I think gender dysphoria can be compared to anorexia. A woman with anorexia will believe that she is fat even when she is thin, because she has an extremely negative self-image and a faulty idea of what she actually looks like. You can’t just explain to her that she’s not fat and expect that to cure it. She’ll need a multi-faceted intervention, over a period of time, just like people need for depression. Her anorexia may never completely go away, she’ll just become better at managing it. Someone with gender dysphoria also has a faulty idea of what their body looks like. They keep expecting to see a man in the mirror even though they are a woman. This can’t be cured by just explaining to her that she’s a woman. Even if she understands intellectually that she is female and that it’s okay to be female, the dysphoria is still there.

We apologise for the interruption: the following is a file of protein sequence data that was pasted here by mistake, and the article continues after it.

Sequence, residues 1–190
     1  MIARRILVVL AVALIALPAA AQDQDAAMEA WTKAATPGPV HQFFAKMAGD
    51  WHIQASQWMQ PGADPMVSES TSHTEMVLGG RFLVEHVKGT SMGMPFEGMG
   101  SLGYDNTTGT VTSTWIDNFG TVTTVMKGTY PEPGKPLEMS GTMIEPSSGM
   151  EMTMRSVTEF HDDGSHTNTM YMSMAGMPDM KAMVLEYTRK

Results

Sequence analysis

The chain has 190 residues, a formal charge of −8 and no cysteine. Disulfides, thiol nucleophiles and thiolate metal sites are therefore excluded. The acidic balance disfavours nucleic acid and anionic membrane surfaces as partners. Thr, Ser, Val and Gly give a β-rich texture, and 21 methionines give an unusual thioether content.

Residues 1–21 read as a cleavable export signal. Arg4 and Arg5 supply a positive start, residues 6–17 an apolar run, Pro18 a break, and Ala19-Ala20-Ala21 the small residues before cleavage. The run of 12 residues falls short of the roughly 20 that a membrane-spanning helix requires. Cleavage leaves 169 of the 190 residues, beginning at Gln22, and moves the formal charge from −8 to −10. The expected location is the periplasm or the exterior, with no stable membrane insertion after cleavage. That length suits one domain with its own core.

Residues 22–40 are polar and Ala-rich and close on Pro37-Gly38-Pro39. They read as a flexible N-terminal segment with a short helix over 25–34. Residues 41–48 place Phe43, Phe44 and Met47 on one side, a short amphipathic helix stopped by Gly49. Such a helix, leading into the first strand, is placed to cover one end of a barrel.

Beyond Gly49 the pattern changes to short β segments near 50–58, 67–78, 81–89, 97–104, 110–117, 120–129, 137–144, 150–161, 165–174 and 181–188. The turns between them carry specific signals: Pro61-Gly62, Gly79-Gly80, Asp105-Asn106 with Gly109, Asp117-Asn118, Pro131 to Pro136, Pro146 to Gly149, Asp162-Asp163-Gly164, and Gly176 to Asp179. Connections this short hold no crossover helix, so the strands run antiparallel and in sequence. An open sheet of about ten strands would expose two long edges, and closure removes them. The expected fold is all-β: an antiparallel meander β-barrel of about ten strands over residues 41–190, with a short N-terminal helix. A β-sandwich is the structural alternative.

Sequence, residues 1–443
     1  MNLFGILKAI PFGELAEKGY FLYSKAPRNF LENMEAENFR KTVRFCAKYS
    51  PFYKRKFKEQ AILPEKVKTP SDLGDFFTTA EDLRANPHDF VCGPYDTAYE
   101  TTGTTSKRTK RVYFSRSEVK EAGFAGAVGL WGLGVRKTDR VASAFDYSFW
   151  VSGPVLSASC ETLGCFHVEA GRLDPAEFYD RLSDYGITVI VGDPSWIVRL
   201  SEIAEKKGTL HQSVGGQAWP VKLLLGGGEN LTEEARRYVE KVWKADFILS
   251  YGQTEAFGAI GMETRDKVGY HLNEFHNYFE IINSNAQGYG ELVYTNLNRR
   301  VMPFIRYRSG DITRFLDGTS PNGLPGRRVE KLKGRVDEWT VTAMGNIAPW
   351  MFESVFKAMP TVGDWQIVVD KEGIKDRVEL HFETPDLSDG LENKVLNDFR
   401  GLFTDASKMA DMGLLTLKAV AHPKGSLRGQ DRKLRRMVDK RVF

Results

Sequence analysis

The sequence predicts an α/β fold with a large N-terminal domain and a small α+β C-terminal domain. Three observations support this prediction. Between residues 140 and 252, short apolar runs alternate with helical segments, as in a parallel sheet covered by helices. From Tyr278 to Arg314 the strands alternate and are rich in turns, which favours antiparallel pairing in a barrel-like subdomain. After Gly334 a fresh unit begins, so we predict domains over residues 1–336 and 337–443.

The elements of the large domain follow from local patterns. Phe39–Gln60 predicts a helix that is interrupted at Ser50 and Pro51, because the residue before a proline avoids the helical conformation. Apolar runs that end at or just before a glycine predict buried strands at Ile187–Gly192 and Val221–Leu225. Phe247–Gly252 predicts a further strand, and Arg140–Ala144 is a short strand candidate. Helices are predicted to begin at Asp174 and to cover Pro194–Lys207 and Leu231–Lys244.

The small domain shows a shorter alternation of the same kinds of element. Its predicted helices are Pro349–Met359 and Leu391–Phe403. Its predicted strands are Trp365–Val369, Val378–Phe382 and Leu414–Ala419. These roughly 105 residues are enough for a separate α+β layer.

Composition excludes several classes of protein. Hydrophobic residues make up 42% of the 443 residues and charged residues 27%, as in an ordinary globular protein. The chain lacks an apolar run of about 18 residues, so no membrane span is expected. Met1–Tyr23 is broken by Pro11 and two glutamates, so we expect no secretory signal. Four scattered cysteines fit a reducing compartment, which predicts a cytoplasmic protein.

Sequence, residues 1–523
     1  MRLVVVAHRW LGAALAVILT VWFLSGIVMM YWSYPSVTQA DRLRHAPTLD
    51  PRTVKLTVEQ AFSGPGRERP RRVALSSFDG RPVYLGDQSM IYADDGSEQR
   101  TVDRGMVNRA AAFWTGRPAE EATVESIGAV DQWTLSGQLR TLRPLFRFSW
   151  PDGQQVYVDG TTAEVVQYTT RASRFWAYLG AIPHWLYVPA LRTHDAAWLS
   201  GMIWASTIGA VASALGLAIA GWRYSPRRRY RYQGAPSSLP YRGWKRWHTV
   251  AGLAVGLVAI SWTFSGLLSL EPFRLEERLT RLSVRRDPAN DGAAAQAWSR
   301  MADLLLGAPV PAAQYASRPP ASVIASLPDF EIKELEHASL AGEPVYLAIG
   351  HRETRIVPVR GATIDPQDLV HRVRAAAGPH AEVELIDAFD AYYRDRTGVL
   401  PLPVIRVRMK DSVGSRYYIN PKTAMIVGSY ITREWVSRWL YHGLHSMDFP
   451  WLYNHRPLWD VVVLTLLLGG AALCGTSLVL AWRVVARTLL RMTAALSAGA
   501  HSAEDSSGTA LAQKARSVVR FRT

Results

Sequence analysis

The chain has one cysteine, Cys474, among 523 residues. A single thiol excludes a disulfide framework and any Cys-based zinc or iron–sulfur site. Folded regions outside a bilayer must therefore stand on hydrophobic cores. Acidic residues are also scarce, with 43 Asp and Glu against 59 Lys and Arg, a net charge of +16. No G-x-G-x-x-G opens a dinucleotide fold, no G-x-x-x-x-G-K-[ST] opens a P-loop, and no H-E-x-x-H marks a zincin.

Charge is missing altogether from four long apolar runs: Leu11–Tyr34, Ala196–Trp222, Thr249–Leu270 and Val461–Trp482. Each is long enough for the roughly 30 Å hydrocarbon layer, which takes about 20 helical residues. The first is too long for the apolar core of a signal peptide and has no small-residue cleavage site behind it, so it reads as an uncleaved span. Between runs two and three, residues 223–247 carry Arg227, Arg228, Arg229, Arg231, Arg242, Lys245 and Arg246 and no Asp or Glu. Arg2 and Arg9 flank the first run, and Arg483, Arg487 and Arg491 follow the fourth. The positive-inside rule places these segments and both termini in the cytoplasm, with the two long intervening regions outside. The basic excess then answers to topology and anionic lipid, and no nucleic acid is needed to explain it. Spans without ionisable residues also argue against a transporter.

I’ve been pondering what my end goal is here: am I trying to get people to stop transitioning just because I don’t like body modification? And I’ve decided that no, that isn’t my goal. What I primarily want is for people to have an honest conversation and for people to care about women. Trans activists keep lying and gas-lighting and they keep disregarding women’s interests and bullying women who have legitimate concerns. However, if a few people have dysphoria that cannot be treated by any other means then maybe they need to transition. Judging by the number of people who desist and who detransition, transition isn’t the answer for everybody and we need to be honest about that. It’s only rarely that transition is the right answer, if at all. That doesn’t mean that transition should be 100% forbidden, it just means that we need to be careful about how we use this treatment.
Still though, dysphoria is a feeling, just like depression is a feeling and believing you’re fat is a feeling.